SAN DIEGO (CNS) — The director of Chabad at UC San Diego pleaded guilty Wednesday to conspiring with former Chabad of Poway Rabbi Yisroel Goldstein to defraud Qualcomm's corporate matching program.
Rabbi Yehuda Hadjadj, 47, of La Jolla, admitted to convincing at least three people to make fake donations to Friendship Circle, a non-sectarian organization run by Goldstein.
The former Chabad of Poway rabbi was sentenced earlier this month to 14 months in prison for running a series of fraudulent schemes, including a tax fraud in which supposed charitable donations made to the synagogue were funneled back to donors.
In what prosecutors have termed the "90/10" scheme, Goldstein accepted charitable donations, then would send about 90% of the funds back to the donors, while pocketing the remainder for himself. Donors would then falsely claim on tax forms that 100% of their donations went to the Chabad, with Goldstein providing the false donors with fake receipts.
In addition to the money, Goldstein returned to them, co-defendants whose employers took part in corporate donation matching programs also pocketed the matching donation amounts provided by the companies, which were defrauded out of at least $144,000.
In Hadjadj's case, Chabad at UCSD could not receive corporate matching funds from Qualcomm, since its corporate matching program excluded sectarian or denominational religious groups. To hide that Chabad at UCSD would be receiving the funds, Hadjadj told donors to write checks to Friendship Circle, then returned all or most of the donation in cash to the donors, the U.S. Attorney's Office said.
Donors would then ask Qualcomm to match the donation and prosecutors say Goldstein sent about two-thirds of the matched funds to Hadjadj, then kept the remainder for himself.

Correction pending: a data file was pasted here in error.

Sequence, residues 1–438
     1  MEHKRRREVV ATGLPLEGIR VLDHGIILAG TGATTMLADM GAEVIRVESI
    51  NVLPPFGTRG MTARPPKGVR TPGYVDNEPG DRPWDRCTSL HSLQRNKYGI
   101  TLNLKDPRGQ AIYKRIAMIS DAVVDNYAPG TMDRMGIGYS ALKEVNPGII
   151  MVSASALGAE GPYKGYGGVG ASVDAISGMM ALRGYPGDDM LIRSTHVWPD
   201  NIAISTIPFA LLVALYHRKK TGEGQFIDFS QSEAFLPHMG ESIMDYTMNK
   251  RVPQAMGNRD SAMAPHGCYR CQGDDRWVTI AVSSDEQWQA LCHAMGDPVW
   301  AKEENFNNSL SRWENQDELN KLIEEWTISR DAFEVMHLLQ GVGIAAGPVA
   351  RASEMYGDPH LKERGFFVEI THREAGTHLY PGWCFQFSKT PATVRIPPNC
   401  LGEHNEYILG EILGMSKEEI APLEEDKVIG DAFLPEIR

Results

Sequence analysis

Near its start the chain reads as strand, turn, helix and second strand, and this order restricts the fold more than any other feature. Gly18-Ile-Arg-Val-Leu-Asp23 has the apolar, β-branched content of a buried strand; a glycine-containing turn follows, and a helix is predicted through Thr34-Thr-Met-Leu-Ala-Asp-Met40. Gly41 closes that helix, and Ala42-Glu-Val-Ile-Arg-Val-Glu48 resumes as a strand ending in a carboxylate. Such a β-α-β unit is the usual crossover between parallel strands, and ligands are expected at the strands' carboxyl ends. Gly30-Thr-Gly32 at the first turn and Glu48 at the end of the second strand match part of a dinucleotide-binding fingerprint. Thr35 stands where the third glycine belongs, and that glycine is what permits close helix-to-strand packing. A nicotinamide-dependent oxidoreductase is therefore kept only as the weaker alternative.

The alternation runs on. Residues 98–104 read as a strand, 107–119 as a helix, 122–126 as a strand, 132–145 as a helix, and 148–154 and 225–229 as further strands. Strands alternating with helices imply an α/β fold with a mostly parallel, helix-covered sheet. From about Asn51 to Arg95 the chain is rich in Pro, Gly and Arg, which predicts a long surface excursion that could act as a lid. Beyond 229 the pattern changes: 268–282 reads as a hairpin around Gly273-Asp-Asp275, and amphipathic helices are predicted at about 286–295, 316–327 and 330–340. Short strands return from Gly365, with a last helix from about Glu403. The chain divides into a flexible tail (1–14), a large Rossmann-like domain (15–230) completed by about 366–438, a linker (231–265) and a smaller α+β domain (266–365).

Prosecutors say Hadjadj secured nearly $40,000 for Chabad at UCSD over the course of the scheme.
In a statement, Chabad of San Diego said Hadjadj was suspended from his position once it was revealed that he was being investigated. With the investigation complete, the Chabad said Hadjadj's suspension is now permanent.
"It is our understanding that Rabbi Hadjadj's actions were connected to Rabbi Yisroel Goldstein, who should have been a positive mentor to his younger colleague, but unfortunately proved to be the opposite," the statement read. "While this development is not new, it is nevertheless deeply sad and disappointing."
The Chabad statement said that Hadjadj's involvement in the scheme was minor, was not motivated by personal gain and that he ended it on his own before he knew he was being investigated.
Nonetheless, the statement reads, "there is no excuse for such conduct. We are gratified that he has taken responsibility for his actions."
Hadjadj is the 10th person to plead guilty in the case, while two others have agreed to deferred prosecution agreements, according to the U.S. Attorney's Office.